At Central Asia Summit, Beijing seals trade and investment deals with 5 nations

But China’s repression of Uyghurs is ignored, rights groups say.
By RFA Uyghur
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At Central Asia Summit, Beijing seals trade and investment deals with 5 nations Chinese President Xi Jinping (C) presides over a signing ceremony on the sidelines of the China-Central Asia Summit in Xian, China, May 18, 2023.
Mark Cristino/Pool AFP

UPDATED at 4 P.M. EDT on 05-19-2023

China wrapped up its first summit with leaders from five Central Asia nations on Friday with several agreements to boost trade, investment and security ties.

President Xi Jinping pledged an initial US$3.8 billion to the region in financing support and grants and said the government would encourage Chinese-funded businesses to set up shop in the five countries, creating jobs and development.

“The China-Central Asia relationship is steeped in history, driven by broad actual needs, and built on solid popular support,”’ Xi said in his keynote speech. “Our relations are brimming with vigor and vitality in the new era.”

In particular, China signed a comprehensive strategic partnership with neighboring Kyrgyzstan, which promised to support Beijing in maintaining security and stability in Xinjiang, where 11 million mostly Muslim Uyghurs live under increasingly oppressive Chinese control through detention in “re-educations” camps, torture and forced labor.

China and Kyrgyzstan agreed to jointly combat the "three forces of terrorism, extremism and separatism," including "East Turkistan terrorist forces,” a reference to the Uyghurs’ preferred name for their homeland.

Turning a blind eye

Human rights groups and Uyghur advocates said leaders from the five Central Asian nations turned a blind eye to China’s repression of the Uyghurs – as well as Kazakhs, Kyrgyz, Uzbek and Tajiks – living in the northwest Xinjiang region, despite sharing similar religious and cultural values.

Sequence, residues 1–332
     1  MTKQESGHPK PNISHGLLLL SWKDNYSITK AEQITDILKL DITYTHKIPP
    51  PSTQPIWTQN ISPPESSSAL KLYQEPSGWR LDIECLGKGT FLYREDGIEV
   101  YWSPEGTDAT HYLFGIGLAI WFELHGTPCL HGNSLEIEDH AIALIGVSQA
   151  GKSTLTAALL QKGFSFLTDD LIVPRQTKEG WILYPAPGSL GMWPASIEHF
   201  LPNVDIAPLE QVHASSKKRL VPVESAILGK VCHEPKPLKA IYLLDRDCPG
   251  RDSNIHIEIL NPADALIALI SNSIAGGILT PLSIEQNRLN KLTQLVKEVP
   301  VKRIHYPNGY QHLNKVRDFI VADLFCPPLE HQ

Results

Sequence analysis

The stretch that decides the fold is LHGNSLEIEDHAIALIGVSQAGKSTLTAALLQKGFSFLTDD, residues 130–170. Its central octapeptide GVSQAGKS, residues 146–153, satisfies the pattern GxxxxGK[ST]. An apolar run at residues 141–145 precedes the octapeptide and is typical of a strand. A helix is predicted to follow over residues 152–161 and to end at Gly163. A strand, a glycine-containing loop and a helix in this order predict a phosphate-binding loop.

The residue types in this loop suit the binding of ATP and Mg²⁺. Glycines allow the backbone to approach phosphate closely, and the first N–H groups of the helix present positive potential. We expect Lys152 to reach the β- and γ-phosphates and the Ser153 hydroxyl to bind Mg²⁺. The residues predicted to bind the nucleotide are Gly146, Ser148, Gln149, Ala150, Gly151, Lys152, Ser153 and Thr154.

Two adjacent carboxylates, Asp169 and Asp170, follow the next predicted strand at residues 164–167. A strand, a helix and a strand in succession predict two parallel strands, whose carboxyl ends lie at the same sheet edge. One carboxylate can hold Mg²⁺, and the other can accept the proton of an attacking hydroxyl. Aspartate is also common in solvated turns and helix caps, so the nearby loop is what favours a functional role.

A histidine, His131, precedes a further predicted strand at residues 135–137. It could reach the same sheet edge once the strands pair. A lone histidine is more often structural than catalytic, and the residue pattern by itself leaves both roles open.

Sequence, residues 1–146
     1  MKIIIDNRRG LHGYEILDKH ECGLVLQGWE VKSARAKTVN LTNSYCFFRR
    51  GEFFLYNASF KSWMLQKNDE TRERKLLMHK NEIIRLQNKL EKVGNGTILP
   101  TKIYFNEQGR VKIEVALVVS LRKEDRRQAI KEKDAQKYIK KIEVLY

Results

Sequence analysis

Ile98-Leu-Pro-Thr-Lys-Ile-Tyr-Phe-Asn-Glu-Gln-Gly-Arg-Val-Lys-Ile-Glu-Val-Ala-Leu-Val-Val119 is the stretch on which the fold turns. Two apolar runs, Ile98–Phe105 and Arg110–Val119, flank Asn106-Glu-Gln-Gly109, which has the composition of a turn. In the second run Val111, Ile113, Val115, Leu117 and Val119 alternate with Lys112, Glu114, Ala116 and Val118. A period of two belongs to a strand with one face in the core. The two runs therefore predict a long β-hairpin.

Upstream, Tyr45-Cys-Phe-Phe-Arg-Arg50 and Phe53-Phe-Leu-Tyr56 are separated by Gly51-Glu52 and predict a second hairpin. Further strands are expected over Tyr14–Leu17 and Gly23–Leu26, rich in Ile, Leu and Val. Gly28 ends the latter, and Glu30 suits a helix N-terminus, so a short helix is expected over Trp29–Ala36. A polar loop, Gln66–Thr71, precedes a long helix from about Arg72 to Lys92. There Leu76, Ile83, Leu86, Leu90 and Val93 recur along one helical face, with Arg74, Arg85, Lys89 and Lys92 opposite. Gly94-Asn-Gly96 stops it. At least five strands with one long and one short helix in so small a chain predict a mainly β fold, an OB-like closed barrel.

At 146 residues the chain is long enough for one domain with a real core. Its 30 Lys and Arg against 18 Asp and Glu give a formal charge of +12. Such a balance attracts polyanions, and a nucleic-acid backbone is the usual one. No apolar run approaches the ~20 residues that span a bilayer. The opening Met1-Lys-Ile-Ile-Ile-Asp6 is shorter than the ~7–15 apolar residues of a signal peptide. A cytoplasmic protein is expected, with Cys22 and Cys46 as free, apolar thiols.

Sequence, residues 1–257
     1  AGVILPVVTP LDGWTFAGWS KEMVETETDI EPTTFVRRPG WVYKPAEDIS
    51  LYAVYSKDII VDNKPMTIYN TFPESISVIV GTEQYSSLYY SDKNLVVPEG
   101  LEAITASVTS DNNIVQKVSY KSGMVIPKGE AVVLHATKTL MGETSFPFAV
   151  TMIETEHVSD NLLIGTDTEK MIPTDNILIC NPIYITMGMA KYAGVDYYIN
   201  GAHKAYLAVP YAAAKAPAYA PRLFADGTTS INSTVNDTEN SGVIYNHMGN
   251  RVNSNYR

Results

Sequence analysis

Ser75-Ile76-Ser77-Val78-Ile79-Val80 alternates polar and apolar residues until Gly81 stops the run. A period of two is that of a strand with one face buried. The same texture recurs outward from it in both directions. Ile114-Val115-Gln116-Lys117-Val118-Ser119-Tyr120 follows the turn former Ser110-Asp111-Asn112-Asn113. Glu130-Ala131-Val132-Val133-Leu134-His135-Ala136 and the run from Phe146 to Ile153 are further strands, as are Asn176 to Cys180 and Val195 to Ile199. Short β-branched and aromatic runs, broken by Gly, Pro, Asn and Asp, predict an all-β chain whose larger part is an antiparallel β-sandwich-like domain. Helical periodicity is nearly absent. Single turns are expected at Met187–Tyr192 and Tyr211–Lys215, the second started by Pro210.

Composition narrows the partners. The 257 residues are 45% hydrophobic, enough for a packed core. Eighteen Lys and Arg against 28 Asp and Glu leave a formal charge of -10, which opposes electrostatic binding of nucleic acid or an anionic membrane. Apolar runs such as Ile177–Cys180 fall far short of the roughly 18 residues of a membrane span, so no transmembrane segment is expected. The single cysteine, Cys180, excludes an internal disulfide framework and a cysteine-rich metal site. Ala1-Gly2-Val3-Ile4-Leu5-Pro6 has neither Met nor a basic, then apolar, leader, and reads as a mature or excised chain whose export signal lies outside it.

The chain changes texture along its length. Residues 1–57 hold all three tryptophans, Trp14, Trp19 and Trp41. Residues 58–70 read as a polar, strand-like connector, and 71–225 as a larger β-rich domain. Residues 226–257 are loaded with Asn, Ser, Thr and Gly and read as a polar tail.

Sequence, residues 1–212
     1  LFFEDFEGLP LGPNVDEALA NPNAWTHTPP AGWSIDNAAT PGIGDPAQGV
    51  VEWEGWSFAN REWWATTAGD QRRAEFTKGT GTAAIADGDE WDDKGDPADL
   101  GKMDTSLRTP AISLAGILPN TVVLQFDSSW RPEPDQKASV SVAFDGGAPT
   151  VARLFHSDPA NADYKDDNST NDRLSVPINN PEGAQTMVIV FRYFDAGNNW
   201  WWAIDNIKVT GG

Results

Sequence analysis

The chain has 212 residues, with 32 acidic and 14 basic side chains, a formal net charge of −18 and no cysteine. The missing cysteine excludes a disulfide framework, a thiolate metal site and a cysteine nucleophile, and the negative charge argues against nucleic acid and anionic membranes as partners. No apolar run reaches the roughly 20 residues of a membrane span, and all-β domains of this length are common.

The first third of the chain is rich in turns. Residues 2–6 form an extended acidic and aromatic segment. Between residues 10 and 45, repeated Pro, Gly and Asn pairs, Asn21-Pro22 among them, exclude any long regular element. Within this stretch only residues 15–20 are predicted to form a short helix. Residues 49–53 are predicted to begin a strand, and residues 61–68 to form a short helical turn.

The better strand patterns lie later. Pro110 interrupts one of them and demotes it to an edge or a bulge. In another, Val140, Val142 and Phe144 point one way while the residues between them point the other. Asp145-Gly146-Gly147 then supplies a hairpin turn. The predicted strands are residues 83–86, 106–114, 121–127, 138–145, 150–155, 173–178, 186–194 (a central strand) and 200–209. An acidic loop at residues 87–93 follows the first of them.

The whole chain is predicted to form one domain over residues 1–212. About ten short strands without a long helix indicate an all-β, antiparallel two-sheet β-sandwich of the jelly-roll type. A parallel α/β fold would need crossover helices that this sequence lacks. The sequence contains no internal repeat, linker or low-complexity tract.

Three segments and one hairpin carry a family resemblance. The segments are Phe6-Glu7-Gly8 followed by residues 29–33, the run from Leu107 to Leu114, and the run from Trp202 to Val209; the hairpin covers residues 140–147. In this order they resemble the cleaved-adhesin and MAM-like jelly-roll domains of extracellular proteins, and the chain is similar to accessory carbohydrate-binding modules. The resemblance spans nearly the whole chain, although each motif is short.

The World Uyghur Congress, or WUC, said it strongly condemned the prioritizing of economic and trade relations to serve Chinese expansionism and influence in Central Asia over curtailing the ongoing genocide of Uyghurs and other Turkic peoples.

“Central Asian governments have followed suit on the brutal treatment and intimidation the Chinese government displays against Uyghurs and other Turkic people,” WUC President Dolkun Isa said in a statement released Wednesday.

“These neighboring countries have failed to live up to their commitments and to save Uyghurs, Kazakhs, Uzbek, Kyrgyz and Tajiks from the ongoing genocide being committed against them,” he said.

‘Sanitizing China’s image’

China is eager to expand its influence in the region through trade, investment and diplomatic engagement.

Central Asia has become so critical for China that Ma Xingrui, the Communist Party secretary for Xinjiang, met with top leaders from Kazakhstan, Uzbekistan and Kyrgyzstan in March.

The mostly Muslim Xinjiang region has ethnic, religious and business ties to Central Asia, making it ideal for Beijing’s outreach to nations seen as necessary for increasing trade, ensuring energy security, and maintaining stability in Xinjiang.

Ilshat Hassan Kokbore, a political analyst based in the United States and vice chairman of WUC’s executive committee, said China strengthening its relations with the Central Asian countries, to do its bidding in international fora with regard to the ongoing Uyghur genocide.

This includes “sanitizing China’s image, providing diplomatic cover for the atrocities or promoting China’s narrative that there is no genocide,” he said.

Xinjiang “re-education” camp survivor Gulbahar Jelilova, a Uyghur businesswoman from Kazakhstan who had been involved in cross-border trade for 20 years until 2017, said that no Kazakh official or minister asked her about her ordeal or the reason for her detention.

“I was so disheartened by them that I left Kazakhstan and moved to Turkey,” said Jelilova, who was detained on accusations of “aiding terrorism” while on a business trip to Xinjiang and put into three different camps over a period of 15 months beginning in May 2017.

Jelilova said she opposed a new visa regime which allows Chinese tourists a 30-day entry into Kazakhstan because many will go there but never leave after their visas expire, and will not allow Uyghurs from Kazakhstan or Kyrgyzstan to visit their homelands.

Translated by RFA Uyghur. Edited by Roseanne Gerin and Malcolm Foster.

The story was updated to include information about the outcome of the summit and China's comprehensive strategic partnership with Kyrgyzstan.


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